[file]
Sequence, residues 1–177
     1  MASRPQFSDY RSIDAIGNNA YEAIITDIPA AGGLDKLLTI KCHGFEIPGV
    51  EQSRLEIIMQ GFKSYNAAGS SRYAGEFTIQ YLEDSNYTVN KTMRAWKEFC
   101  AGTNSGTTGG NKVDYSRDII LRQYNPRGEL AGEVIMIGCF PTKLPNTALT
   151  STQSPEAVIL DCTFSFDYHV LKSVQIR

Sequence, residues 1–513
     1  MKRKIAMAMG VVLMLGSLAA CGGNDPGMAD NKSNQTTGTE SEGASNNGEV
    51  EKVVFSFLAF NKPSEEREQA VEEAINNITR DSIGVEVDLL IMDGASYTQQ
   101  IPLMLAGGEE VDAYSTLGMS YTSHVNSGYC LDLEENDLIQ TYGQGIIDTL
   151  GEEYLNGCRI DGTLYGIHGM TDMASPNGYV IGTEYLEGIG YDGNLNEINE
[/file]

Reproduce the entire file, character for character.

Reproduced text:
Sequence, residues 1–177
     1  MASRPQFSDY RSIDAIGNNA YEAIITDIPA AGGLDKLLTI KCHGFEIPGV
    51  EQSRLEIIMQ GFKSYNAAGS SRYAGEFTIQ YLEDSNYTVN KTMRAWKEFC
   101  AGTNSGTTGG NKVDYSRDII LRQYNPRGEL AGEVIMIGCF PTKLPNTALT
   151  STQSPEAVIL DCTFSFDYHV LKSVQIR

Sequence, residues 1–513
     1  MKRKIAMAMG VVLMLGSLAA CGGNDPGMAD NKSNQTTGTE SEGASNNGEV
    51  EKVVFSFLAF NKPSEEREQA VEEAINNITR DSIGVEVDLL IMDGASYTQQ
   101  IPLMLAGGEE VDAYSTLGMS YTSHVNSGYC LDLEENDLIQ TYGQGIIDTL
   151  GEEYLNGCRI DGTLYGIHGM TDMASPNGYV IGTEYLEGIG YDGNLNEINE